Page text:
Danbury is one of five Connecticut cities to win a multi-year grant by an independent jury in association with the Federal Reserve Bank of Boston, more commonly known as the Boston Fed or, simply, the Fed.
The Implementation Grant awards are one of two types of grants awarded to those eligible New England municipalities that express interest in, apply for and complete the Working Cities Challenge (WCC), a charitable competition designed by the Fed and its Steering Committee in partnership with the philanthropic Living Cities organization. The grants are provided to cities in order to boost local economic productivity, with the intention of improving the quality of life of resident low-income families and working poor.
The jury awarded a collective $2.25 million to five of the 10 Connecticut cities qualified to apply for the Implementation Grant: Danbury, East Hartford, Hartford, Middletown and Waterbury, with each city receiving a fifth of the total grant, or $450,000 each.
Danbury secured its portion of the award through the efforts of its own Challenge team, the focus of which is its community development project, DanburyWORKS, an initiative established in 2016 and spearheaded by 15 local organizations, among them the United Way of Western Connecticut (UWWC), a charitable community engagement group based out of Stamford.
DanburyWORKS’ focus is to eliminate both those obstacles that prevent Danburyans from participating in the community and community decision-making, and those which prevent them from receiving a quality education, employment and job training; its stated long-term goal is to reduce poverty among resident immigrants and people of color by 30 percent within the next 10 years.
On February 5, the city of Danbury and its Challenge team were formally awarded the Implementation Grant at a conference held at the Danbury Educational Services Center, located on Osborne Street.
CAAWC Director Michelle James, the co-chair of Danbury’s WCC committee, shared some of the opening comments, noting that the team’s approach evolved based on a number of surveys distributed to relevant populations and small businesses throughout the city. Among the primary concerns of the immigrant community in Danbury, two stand out: the difficulty of learning English as a second language, and the ability to maintain adequate childcare.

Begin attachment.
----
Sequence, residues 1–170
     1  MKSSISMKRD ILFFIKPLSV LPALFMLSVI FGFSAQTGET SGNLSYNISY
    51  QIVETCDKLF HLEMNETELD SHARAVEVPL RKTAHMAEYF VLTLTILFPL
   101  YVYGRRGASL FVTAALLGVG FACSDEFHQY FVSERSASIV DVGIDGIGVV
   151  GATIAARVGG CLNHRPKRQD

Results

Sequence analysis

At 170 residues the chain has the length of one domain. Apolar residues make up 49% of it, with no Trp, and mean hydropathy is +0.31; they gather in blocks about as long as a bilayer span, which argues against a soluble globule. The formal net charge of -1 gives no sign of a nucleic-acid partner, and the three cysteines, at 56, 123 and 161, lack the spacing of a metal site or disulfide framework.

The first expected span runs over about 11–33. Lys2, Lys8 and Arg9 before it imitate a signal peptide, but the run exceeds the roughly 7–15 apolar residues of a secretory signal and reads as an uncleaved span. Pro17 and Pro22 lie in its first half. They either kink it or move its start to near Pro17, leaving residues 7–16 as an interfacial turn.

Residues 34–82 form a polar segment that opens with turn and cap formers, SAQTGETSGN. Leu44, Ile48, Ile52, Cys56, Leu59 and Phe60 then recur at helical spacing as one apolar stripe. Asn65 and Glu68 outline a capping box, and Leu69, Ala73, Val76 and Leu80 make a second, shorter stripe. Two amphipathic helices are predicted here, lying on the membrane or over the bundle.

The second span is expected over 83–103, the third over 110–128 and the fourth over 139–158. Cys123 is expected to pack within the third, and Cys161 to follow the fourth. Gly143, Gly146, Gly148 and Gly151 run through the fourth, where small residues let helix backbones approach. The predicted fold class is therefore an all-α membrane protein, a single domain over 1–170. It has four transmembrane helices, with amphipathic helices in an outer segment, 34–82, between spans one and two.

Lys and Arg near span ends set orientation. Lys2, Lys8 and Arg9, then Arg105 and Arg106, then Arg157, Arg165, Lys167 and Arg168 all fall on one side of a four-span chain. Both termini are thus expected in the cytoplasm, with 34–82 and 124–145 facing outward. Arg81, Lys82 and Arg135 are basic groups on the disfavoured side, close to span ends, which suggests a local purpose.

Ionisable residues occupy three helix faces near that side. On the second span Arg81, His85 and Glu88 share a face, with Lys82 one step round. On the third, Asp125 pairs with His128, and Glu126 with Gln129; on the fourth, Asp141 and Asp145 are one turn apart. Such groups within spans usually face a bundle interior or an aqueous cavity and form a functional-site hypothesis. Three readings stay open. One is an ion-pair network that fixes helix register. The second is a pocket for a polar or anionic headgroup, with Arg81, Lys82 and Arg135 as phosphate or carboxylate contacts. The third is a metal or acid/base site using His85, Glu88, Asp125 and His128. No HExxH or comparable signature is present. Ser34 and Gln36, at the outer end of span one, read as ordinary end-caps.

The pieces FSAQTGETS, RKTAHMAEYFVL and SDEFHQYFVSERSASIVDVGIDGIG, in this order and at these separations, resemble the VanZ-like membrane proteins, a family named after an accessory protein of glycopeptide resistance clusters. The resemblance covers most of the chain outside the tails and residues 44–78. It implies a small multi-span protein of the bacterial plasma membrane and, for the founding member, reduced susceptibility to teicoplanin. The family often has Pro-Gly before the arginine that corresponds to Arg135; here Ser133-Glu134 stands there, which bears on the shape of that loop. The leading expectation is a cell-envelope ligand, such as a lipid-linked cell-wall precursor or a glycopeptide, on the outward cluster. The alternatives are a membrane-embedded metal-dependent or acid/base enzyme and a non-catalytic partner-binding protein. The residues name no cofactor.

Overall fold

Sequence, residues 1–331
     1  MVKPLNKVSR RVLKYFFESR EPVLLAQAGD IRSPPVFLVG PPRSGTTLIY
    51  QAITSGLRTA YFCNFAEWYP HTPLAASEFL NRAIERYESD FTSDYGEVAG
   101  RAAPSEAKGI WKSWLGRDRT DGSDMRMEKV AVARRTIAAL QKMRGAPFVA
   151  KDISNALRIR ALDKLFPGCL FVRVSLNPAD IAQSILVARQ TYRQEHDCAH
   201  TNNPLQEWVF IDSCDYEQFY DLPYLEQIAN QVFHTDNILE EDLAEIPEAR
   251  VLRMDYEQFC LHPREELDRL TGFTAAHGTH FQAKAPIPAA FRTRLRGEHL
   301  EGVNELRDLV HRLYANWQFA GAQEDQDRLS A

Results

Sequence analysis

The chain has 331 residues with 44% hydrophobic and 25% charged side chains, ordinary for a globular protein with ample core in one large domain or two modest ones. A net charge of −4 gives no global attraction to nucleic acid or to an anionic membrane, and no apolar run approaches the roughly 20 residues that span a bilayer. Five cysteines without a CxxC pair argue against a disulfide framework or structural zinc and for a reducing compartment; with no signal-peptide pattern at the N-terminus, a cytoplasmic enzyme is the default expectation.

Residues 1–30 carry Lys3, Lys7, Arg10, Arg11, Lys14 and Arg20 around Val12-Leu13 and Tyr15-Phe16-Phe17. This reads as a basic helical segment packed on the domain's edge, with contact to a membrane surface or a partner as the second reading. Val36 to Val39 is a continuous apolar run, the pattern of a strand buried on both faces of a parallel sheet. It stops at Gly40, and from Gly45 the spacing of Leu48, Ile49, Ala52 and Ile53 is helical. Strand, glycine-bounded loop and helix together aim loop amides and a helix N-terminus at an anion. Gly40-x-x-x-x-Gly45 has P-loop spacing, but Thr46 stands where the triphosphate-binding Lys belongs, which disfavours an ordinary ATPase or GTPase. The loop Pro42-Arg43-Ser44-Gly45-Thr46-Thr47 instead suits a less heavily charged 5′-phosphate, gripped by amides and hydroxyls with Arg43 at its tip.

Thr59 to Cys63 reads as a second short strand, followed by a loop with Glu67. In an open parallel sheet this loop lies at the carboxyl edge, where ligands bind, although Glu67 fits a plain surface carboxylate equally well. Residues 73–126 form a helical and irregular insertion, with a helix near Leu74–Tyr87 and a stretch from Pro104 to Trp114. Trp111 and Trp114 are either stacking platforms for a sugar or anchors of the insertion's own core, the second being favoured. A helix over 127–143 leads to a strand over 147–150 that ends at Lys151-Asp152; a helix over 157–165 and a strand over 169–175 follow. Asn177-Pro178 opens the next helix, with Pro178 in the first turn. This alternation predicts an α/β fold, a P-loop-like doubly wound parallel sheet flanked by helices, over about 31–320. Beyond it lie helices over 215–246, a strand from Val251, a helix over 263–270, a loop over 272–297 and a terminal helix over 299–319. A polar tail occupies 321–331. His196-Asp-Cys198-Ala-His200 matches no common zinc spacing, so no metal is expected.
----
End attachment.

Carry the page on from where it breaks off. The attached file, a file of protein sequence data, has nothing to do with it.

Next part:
Danbury early childhood education Administrator Anne Mead said after the conference, “We need to ensure that every child that comes to Danbury, that is going to go to school, has an early childhood experience.” She stressed that it would not be an easy task: “About 300 children a year that come to kindergarten [here] have not had formal preschool.”
Speaking on behalf of people of color, Danbury resident Marlene Moore-Callends, a local realtor, and member of the Challenge team, said, “I found that people of color just weren’t trusting, even with me… I felt like I was continually explaining [things]… We [people of color] feel like we have no say about what goes on around us.”
WERACE Facilitator Jody Huzina, involved in Danbury’s adult and ongoing education programs, added, “There’s a whole layer of students who aren’t coming out because they don’t know or trust us,” but that, “[The grant] will give us the opportunity to provide so many more language classes.”
Ecuadorian Civic Center President Wilson Hernández shared that levels of trust between the immigrant and non-immigrant communities have been diminished due to immigrants’ fears of deportation, imprisonment, and separation from their families and friends: “We see the news every day… The authorities are trying to see if you’re here legally.”
DPCP Community Engagement Coordinator Elizabeth Quiñonez, an immigrant and two-year resident of Danbury, mentioned other difficulties for low-income families living in in the city, saying, “Even if I keep my job, I’m paying 50 or 60 percent of my income for childcare.” Quiñonez, a hardworking mom, mentioned that she would like to see the burdens of low incomes and parents’ inordinate amounts of time spent away from their children alleviated for struggling families.
Addressing three key issues in the effort to help the city’s immigrants and working poor—teaching them English, helping them access reasonably-priced child care and aiding them in developing trust for service providers—UWWC CEO Kim Morgan said, “If we can make progress in these three areas, we will be in a position to help people find good jobs three years from now.”
In a statement, Danbury Mayor Mark Boughton expressed enthusiasm for the mobilization of the grant, and praise for the Fed and the UWWC: “This grant will directly support the hard-working residents of Danbury, especially the immigrant community.”
You can learn more about the Federal Reserve Bank of Boston and their activities and initiatives by visiting their website at bostonfed.org; to learn more about the WCC, visit the Working Cities Challenge page on the Boston Fed’s website at bostonfed.org/workingcities.